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Indiegogo Head of Product Marketing Helps Entrepreneurs ‘Bring Projects to Life’

By Jacob Nelson

Erica Labovitz

Before Indiegogo was one of the biggest names in crowdfunding, it was a small shop that had just raised the seed funding it needed to hire its first full-time employee.

That employee was Erica Labovitz, who will be speaking at Northwestern on Thursday, Dec. 3. She currently works as Indiegogo’s Head of Product Marketing, running all the company’s product, sales, and category marketing.

“I help new entrepreneurs bring projects to life,” she said in an interview last week.

Her job entails connecting entrepreneurial people with the companies that can help them distribute their products. Recently, her team worked with the makers of the movie Super Troopers 2 to partner with Fandango so the movie could be crowdfunded by advance ticket sales.

“A lot of the creative industries recognize the benefit,” Labovitz said of crowdfunding, “but because of the infrastructure they’re still figuring out the best way to tap into it.”

Labovitz graduated from University of Pennsylvania in 2001, then moved to Chicago to work in brand management at Kraft for about eight years. While there, she got involved in a few nonprofits, including House Theatre of Chicago, where she was a founding board member. She went back to school, this time Northwestern, to get a master’s degree from the School of Education and Social Policy, where her thesis focused on “teamwork in the performing arts.”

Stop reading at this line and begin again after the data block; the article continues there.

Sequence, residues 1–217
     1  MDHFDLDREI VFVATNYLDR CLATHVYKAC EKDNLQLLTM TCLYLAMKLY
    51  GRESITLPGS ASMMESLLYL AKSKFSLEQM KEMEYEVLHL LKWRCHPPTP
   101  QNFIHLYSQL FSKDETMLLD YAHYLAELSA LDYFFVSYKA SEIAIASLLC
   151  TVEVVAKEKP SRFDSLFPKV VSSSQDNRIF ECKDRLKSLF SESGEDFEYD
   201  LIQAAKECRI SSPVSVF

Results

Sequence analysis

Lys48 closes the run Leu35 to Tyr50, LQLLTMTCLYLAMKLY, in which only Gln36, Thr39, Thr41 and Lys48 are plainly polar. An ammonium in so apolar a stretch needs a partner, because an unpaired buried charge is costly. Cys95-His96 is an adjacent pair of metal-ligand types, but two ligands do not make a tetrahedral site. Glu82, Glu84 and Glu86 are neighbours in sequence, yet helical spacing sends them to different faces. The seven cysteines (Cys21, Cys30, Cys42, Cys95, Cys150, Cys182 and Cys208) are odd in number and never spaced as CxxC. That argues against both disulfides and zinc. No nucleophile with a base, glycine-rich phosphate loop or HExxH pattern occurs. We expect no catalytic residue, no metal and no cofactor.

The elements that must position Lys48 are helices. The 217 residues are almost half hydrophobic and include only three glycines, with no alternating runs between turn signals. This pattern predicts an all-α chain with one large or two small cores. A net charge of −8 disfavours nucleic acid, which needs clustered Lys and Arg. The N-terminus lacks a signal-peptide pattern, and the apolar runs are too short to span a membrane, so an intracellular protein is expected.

Though Labovitz had known the founders of Indiegogo for years, it wasn’t until 2010 that she accepted a job offer at the company. She had just finished school and was in a position to take a leap into the unknown world of start-ups.

“It was definitely a scary thing,” she said. “If I had been employed when they came to me, I don’t know if I would have been as open to the risk.”

Labovitz looks at her success at Indiegogo as the result, in part, of her ability to maintain important relationships along with an acceptance of not always knowing what’s next.

“A lot of what can be perceived as success is really just based on being open to new things and meeting the right people at the right time and cultivating those relationships,” she said.